Cost controls become focus in Grand Ave. Bridge planning
GLENWOOD SPRINGS — Although the most commonly referred-to cost to build a new Grand Avenue Bridge since state transportation planners began working on the project three years ago has been around $60 million, that doesn’t include the costs that have been piling up during that time.
Glenwood Springs City Councilman Dave Sturges, during a recent work session with Colorado Department of Transportation officials, questioned a $98.5 million total cost estimate that has been published on CDOT’s website for the Highway 82 bridge project.
“That is accurate,” said Joe Elsen, CDOT Region 3 program engineer and one of the lead project officials. “That is our best estimate at this time, and includes the cost to go through the environmental review, right of way acquisition and other pre-construction costs.”
Actual construction of the bridge and related infrastructure is still budgeted for $60 million, which was the amount set aside in the state’s special Bridge Enterprise fund at the start of the planning process.
Even that figure is more likely around $73 million, when factoring in the usual 21 percent cost for construction management, Elsen said.
What project planners don’t want to do is surpass the $100 million threshold, which would trigger the need to prepare a new financial plan and to identify potential new funding sources outside the Colorado Bridge Enterprise fund, he said.
“We are talking a lot about the need to control costs,” Elsen said. “We are committed to senior management to try to keep it under $100 million.”
There’s also mounting pressure on project officials to stick to the latest project schedule, which has already been revised somewhat since the original time line.
At this point, plans for the realigned highway bridge from Grand Avenue on the south side of the Colorado River to a reconfigured Interstate 70 Exit 116 interchange at Sixth and Laurel, as well as a companion new pedestrian bridge, are at 30 percent of engineered design.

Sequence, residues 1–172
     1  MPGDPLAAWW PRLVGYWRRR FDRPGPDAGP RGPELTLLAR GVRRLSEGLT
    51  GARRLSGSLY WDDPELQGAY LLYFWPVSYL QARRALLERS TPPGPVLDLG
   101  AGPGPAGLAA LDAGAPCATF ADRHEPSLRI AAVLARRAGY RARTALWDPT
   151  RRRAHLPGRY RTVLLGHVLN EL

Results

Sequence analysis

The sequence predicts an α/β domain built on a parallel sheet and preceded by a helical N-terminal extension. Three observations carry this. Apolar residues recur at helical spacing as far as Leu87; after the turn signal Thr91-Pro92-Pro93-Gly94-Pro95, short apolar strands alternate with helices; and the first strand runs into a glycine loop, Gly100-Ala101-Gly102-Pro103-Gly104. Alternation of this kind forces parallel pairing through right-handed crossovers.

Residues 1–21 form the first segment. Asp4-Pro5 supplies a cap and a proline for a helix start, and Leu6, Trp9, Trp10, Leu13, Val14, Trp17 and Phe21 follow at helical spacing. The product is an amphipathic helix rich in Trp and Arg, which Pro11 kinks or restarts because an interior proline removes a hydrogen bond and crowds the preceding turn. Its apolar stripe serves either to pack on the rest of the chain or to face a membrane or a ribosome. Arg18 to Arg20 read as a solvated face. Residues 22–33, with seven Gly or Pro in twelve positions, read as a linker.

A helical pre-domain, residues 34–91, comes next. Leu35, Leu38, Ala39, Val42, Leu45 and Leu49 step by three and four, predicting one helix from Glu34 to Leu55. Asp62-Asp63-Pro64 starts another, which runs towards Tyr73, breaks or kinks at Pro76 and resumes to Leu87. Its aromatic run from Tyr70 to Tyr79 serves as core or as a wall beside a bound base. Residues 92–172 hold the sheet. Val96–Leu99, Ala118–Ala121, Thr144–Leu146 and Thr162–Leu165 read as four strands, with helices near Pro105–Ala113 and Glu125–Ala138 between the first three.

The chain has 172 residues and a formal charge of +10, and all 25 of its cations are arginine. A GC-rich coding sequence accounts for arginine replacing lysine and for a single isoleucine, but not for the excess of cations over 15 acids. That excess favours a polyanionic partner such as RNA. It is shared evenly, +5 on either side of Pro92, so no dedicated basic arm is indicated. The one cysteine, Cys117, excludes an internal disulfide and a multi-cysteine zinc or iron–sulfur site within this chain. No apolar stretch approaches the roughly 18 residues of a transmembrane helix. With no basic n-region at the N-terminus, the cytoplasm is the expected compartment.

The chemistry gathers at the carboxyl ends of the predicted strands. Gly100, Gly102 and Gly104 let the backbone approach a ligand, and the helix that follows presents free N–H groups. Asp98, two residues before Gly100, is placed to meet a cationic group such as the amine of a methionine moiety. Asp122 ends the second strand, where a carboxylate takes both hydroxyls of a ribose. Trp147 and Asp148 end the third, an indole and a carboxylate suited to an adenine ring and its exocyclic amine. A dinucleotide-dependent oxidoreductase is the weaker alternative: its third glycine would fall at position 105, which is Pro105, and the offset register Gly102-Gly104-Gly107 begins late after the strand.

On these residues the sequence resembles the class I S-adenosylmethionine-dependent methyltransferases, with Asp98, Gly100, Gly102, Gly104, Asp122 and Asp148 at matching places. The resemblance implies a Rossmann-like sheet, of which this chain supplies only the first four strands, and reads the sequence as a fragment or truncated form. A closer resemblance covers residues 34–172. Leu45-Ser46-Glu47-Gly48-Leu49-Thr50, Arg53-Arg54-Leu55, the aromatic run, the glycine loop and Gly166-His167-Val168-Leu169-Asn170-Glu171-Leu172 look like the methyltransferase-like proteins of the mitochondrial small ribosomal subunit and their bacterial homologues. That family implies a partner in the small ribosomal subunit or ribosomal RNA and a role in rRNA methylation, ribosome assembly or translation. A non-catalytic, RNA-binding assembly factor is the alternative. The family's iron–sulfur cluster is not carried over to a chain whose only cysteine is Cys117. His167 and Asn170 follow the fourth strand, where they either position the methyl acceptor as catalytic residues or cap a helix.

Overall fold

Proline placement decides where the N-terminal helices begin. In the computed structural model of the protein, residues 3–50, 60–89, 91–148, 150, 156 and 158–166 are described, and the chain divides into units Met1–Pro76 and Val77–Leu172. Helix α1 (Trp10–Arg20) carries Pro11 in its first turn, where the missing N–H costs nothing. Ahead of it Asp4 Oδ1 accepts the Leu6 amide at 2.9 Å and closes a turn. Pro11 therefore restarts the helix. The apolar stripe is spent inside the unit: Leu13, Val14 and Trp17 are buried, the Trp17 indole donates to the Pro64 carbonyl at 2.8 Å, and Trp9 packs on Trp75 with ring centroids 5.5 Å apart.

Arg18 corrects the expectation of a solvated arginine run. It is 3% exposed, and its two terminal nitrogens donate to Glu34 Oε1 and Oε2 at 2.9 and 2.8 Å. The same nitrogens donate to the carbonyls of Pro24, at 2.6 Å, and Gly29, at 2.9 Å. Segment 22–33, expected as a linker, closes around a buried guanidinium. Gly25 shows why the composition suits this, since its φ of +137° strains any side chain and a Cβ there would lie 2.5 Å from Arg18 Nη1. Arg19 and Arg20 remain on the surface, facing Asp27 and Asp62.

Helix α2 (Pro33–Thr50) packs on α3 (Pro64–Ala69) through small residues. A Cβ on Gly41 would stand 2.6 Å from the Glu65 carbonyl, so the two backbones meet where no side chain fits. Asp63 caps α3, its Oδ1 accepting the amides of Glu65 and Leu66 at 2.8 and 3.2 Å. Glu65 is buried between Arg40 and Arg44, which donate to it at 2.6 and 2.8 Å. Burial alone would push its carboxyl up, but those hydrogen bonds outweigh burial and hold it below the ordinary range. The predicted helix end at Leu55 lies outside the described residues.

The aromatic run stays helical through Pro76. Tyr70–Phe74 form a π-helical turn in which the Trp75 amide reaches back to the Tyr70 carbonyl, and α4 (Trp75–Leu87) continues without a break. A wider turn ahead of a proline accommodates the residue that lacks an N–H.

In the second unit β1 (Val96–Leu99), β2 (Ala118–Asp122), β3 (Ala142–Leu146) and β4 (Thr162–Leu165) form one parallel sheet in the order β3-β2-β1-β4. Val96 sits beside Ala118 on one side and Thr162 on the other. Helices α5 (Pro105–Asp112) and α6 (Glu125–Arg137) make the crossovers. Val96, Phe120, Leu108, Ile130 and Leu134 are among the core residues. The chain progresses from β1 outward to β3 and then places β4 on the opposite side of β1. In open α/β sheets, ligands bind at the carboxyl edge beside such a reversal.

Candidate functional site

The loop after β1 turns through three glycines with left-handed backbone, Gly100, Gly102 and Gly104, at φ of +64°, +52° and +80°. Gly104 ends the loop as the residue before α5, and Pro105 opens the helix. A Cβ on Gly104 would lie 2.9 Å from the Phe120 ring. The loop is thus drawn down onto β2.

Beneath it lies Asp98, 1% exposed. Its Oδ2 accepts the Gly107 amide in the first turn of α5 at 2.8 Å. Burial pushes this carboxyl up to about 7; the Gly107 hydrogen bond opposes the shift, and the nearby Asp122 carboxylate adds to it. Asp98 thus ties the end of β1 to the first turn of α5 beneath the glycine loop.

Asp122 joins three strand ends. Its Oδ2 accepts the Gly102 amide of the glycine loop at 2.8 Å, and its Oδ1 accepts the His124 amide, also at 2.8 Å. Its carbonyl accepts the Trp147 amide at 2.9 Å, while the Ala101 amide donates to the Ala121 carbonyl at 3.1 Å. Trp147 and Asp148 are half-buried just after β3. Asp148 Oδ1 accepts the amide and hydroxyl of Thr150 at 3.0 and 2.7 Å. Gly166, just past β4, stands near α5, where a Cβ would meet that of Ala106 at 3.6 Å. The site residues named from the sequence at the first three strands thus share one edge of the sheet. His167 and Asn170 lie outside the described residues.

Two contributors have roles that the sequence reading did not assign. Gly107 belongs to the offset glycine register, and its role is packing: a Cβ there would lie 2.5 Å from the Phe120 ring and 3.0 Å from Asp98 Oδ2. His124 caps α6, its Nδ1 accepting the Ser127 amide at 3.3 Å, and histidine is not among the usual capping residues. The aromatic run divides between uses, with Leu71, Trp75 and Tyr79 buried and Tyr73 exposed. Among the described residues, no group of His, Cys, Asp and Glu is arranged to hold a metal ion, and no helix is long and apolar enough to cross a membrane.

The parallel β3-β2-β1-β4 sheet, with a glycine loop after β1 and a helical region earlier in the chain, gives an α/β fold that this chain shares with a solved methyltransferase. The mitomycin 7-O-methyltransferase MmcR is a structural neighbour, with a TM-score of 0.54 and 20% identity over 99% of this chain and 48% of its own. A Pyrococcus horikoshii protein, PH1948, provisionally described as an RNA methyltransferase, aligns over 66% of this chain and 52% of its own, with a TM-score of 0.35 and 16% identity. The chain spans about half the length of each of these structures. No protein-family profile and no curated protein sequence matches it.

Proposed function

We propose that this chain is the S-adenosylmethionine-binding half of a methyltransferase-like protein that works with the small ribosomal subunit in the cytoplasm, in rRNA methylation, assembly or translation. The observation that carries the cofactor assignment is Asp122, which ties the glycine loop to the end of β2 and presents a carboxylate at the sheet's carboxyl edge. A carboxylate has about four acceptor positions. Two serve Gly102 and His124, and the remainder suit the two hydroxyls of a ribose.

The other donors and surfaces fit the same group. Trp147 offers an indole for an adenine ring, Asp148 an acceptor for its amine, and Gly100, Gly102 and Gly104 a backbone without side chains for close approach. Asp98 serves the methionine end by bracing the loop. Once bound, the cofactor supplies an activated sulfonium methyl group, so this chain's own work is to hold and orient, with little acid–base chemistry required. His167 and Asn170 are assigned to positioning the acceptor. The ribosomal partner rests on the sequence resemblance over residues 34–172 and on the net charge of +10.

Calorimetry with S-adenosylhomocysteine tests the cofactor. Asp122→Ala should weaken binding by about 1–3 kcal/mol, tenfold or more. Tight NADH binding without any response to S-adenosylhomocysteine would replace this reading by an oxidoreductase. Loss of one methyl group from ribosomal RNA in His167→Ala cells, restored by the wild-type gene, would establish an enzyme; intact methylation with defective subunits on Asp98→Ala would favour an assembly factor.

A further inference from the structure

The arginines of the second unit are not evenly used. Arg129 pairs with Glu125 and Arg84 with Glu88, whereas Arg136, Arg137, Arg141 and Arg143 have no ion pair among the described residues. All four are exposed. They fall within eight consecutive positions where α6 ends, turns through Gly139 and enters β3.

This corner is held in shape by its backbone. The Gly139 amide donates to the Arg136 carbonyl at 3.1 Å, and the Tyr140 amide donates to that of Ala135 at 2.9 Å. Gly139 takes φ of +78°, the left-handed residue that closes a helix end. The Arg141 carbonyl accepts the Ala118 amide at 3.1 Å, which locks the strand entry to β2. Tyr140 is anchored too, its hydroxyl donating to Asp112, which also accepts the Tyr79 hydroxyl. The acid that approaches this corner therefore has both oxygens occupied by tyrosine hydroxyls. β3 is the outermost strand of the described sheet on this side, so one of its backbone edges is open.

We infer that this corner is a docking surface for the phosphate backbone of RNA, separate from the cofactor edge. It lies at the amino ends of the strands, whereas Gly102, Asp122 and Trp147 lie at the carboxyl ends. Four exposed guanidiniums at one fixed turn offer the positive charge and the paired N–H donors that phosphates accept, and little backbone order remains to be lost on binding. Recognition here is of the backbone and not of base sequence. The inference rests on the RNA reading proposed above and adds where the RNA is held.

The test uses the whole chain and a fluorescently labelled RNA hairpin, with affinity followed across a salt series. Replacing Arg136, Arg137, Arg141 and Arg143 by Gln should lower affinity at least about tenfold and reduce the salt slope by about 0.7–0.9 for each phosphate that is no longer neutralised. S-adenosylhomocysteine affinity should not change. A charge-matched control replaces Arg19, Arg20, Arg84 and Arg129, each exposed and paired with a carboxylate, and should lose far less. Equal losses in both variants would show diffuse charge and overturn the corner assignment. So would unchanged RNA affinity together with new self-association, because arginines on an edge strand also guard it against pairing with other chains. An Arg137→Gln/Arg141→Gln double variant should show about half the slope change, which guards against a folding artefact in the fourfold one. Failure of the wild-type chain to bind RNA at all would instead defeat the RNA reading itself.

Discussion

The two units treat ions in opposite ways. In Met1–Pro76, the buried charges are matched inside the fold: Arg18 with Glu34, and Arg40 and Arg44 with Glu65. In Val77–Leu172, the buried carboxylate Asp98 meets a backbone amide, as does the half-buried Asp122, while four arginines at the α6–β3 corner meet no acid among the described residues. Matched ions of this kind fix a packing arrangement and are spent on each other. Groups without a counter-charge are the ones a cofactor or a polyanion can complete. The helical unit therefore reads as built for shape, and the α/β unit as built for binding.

The latest project schedule calls for additional design element detail later this month, which will move the project to 60 percent design by June 6, project engineer Craig Gaskill said during the April 3 meeting with City Council.
The goal is to get to 90 percent design by Nov. 4, followed by a required public comment period, final design and a formal decision as part of the Environmental Assessment by February 2015. Project construction would begin soon thereafter, if that schedule can be adhered to.
“There is always a concern that if we have delays, or if we go over budget, we won’t have a project,” Gaskill said, adding the project schedule is less flexible now than it was earlier in the process.
Colorado Bridge Enterprise representative Matt Cirulli said at that same meeting that there is pressure from the Colorado Transportation Commission to move forward, as well as concerns about the project growing in scope.
“That happens on any project this big that has a major impact on the community, as this one does. And they understand that,” Cirulli also said.
Some of that was known going in, while much of it didn’t come to light during the project planning, Elsen said during a separate interview.
For instance, when the preferred bridge alignment was chosen over remaining on the existing alignment, “we knew that was going to be more expensive,” he said.
Planners also knew they would need to accommodate pedestrian and bicycle access, which is standard policy in any state transportation project. What they didn’t realize until later in the process was that a new, stand-alone pedestrian bridge was not only a desired option, but a necessity for relocating utility lines during the main bridge construction, Elsen said.
That also added onto the costs, as did the various design features that will tie in with the city’s plans for new pedestrian plaza areas beneath the bridge along Seventh Street. There are also additional costs associated with reconfiguring the Sixth and Laurel intersection, including a proposed roundabout.
Elsen said some aspects of the larger project could qualify for funding outside the Bridge Enterprise fund, including a plan to lengthen and improve the I-70 eastbound onramp from Exit 116.
That’s a safety improvement project that has been in CDOT’s long-range plans for some time, he said.
“It makes sense to take care of those things while we already have a construction zone,” he said, though additional funding would likely be sought through the normal transportation planning region prioritization process.
City Council members said that, when it comes to special design features meant to fit in with the historic downtown character, they’d rather see an emphasis placed on the pedestrian bridge rather than the highway bridge.
“If you can simplify the main automobile bridge to save costs and put that toward the pedestrian bridge, that would seem to make sense,” Councilor Stephen Bershenyi said. “The auto bridge is just a way to get into town, where the pedestrian bridge is the experience of getting around town.”
Councilor Ted Edmonds agreed the pedestrian bridge should be the focus of any aesthetic treatments.
“One thing we do not want to see is for this project to get delayed to the point where it doesn’t get funded and we have to live with the current bridge for the next 10 years, or until it falls in the river,” he said.
Although the existing bridge is structurally sound, it has been deemed to be functionally deficient due to its narrow width and is showing signs of deterioration from its more than 60-year age, according to CDOT officials.
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